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Repetition operators (ctd):
greedy and reluctant operators

A problem that you'll come across sooner or later with repetition operators in regular expressions occurs when the expression has various operators that could match a variable number of characters. In such cases there is potential ambiguity as to which operator matches what.

We've actually already met such an example. Recall our expression to match a string containing ten digits which we composed as follows:

.*[0-9]{10}.*

Now at this point, it may occur to you that .* can match "any sequence of any character". So if we have a string, say, aab0123456789, why doesn't the initial .* "swallow up" the entire string in one go, preventing a match?

The answer comes in the form of the following matching rules:

  • operators match from left to right;
  • repetition operators are greedy: they match as many characters as they can;
  • but, operators are not allowed to prevent a match if one is possible.

So, let's look at what this means. Supposing we match the following string against the above expression:

aax11012345678922bbx

The string contains a total of 14 digits: the string 0123456789, with 11 and 22 either side. So what happens when we come to match? Well, going from left to right, the first 'item' in the expression is .*. How many characters does it match? Well, as many as it can without preventing the other parts from matching if they can. So the first .* matches up to the end of the digits, minus ten, the number that [0-9]{10} requires in order to match. Then, the latter item takes its ten digits, 2345678922 in the above string. Finally, the second .* can match the rest of the string.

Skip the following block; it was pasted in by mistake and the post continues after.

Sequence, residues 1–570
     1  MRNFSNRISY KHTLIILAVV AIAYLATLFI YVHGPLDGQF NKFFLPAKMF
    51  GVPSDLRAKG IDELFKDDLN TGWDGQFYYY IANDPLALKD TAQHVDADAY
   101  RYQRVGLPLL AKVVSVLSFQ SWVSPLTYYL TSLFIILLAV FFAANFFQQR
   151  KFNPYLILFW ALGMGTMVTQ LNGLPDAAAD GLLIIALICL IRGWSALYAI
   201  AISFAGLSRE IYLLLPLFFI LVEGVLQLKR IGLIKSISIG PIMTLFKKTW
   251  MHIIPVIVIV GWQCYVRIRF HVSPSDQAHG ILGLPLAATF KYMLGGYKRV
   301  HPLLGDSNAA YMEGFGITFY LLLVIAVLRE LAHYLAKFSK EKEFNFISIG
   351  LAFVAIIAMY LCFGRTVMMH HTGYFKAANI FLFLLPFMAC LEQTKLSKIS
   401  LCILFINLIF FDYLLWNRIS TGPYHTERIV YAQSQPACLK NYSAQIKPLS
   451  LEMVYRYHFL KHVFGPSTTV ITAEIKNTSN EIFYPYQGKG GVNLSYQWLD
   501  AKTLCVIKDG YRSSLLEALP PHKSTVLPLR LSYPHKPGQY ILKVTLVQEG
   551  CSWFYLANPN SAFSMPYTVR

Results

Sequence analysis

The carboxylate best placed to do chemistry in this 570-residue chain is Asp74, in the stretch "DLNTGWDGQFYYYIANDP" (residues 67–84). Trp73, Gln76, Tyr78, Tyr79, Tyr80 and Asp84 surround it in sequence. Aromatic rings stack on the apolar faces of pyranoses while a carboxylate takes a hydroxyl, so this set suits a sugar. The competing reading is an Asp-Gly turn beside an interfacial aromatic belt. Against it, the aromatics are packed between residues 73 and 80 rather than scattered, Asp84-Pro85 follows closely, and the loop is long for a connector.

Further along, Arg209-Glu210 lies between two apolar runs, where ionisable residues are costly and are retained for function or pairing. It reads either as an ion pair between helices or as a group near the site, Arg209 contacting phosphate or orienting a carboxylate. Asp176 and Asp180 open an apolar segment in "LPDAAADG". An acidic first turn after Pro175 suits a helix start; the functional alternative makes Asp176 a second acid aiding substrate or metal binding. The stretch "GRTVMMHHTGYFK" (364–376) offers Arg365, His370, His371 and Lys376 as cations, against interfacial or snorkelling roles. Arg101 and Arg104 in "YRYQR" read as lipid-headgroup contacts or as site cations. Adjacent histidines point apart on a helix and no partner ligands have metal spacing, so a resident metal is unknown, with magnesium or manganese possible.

So supposing we wanted [0-9]{10} to match against the first ten digits? One way is to transform the "greedy" .* into a so-called reluctant operator.

Turning greed into reluctance

A reluctant operator matches against as few characters as it can, while still letting the rest of the expression match if it can. To make an operator reluctant, we add a question mark after the operator. So the following expression:

.*?[0-9]{10}.*

means that the first .* matches against as few characters as it can, whilst still allowing [0-9]{10} to match against ten digits, and still allowing .* to match against "any sequence". The fewest number of characters that .*? can match against whilst leaving ten subsequent digits is the sequence aax; then, the digits matched by the middle element are 1101234567.

Alternative to reluctant operators

A sometimes clearer alternative to using reluctant operators in some cases is to replace the dot with a more exact character class. For example, we could write the following:

[^0-9]*[0-9]{10}.*

Recall from our section on character classes that [^0-9] means "any character that isn't a digit". So we match any sequence of non-digits, followed by ten digits (in effect, the first ten in the string), followed by the rest of the string.

Why do I need to know which part matches what?

Controlling which part of the expression matches which part of the string is important when you use a feature called capturing.

To understand capturing, we need to start by looking at how to use two explicit classes to control regular expression matching: the Pattern and Matcher classes.

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Written by Neil Coffey. Copyright © Javamex UK 2012. All rights reserved.